Kitty Norville was a DJ before she became a werewolf, and being a werewolf has affected her career: almost accidentally she started a paranormal-themed call-in show which has wound up taking her to the big-time. If only the head of the local vampire Family wasn’t dead-set (heh) against the show … And then there’s that werewolf-and-vampire assassin who wants to kill her … And the wrinkles the show has caused in her pack… And that evangelist she’s gotten calls about who is traveling the country claiming to cure vampires and werewolves …
First impressions of the book and the main character were, on the whole, good. Vaughn managed to find a slightly different angle on werewolves, almost as hard to do as to find a fresh take on dragons. Where Patricia Briggs (who has done both) created a world where the wolf and the human are largely separate, and human mores and practices largely prevail, Vaughn’s werewolves seem to have more of the wolf in them, always. Even as humans, when together they live by pack rules. It could be simply that Patricia Briggs has never yet concentrated on the submissive members of the pack, where Vaughn’s main character is pretty low on the totem pole… I wonder how the Mercy universe submissive wolves act. Here, it’s disturbing to read of that kind of pack behavior – cringing, cowering, accepting and even craving bullying behavior from the pack leader – in a character I’m beginning to like.
Kitty, the narrator, has a decent sense of humor (though not about her name, so much) – and there are some unfortunately unintentional moments of humor. Such as a line after a description of a confrontation with a character who had instigated the hiring of an assassin to take kill her: “Things were never going to be the same again.” Ya think?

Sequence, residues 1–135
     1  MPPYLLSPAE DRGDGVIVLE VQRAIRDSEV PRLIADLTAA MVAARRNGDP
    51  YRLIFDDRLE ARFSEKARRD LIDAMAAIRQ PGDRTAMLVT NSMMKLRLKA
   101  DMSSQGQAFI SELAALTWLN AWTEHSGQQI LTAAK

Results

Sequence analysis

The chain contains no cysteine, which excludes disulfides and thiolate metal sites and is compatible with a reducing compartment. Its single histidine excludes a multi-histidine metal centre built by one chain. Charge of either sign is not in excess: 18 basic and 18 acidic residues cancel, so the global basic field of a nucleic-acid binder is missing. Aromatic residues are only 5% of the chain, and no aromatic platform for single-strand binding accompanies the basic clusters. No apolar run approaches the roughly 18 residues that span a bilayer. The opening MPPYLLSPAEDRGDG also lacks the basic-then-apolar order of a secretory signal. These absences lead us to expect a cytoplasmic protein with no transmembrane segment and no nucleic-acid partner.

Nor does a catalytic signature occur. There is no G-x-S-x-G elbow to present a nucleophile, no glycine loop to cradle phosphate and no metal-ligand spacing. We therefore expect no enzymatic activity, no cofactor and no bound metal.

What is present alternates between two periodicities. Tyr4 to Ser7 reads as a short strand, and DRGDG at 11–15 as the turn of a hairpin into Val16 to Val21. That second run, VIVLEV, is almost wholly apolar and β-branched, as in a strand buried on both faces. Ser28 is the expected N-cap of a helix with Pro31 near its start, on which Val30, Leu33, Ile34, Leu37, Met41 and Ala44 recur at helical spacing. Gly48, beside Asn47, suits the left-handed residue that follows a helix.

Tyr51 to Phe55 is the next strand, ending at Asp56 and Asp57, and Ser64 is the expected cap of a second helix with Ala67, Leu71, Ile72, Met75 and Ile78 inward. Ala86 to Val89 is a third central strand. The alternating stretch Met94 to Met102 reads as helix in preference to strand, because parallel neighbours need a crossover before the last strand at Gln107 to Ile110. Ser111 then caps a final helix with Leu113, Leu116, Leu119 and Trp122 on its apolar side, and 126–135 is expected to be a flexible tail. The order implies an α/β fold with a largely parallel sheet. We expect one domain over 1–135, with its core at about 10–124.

I wasn’t tremendously impressed, over all, but I’m not sure why. That is, I liked the concepts of the cover being slowly drawn back from the vampires and werewolves; I liked the setting of the radio show and the accidental stardom it gave Kitty. I liked the alienness of both groups (even though I didn’t enjoy what the wolf reduced Kitty to), and I liked the varied reactions to vampirism and lycanthropy shown in Kitty’s callers and those around her – and in Kitty herself. But I was underwhelmed by parts of the plot; I don’t think it’s too much of a spoiler to say that there is a death near the end of the book that I saw coming some 150 pages earlier. (That might have been telegraphed by an adjective used in one of the blurbs, but then again it might not.) Little is wrapped up in this book, leaving miles of room for the sequels; not an unrealistic tack to take, but a little irritating.
Most of all, though, the joke about Kitty’s name is something that got very old, very fast. As in, by the second time someone made a remark. If that trend continues, the second book will be a veritable wall-banger. And, really, if people called me Kitty and I became a werewolf, I’d start going by Kathryn, Kath, Kathy – anything but a name made absurd by what had happened to me.
The Kitty Norville series isn’t off the table, by any means; I enjoyed Midnight Hour enough that I will get around to the rest of them. One fine day.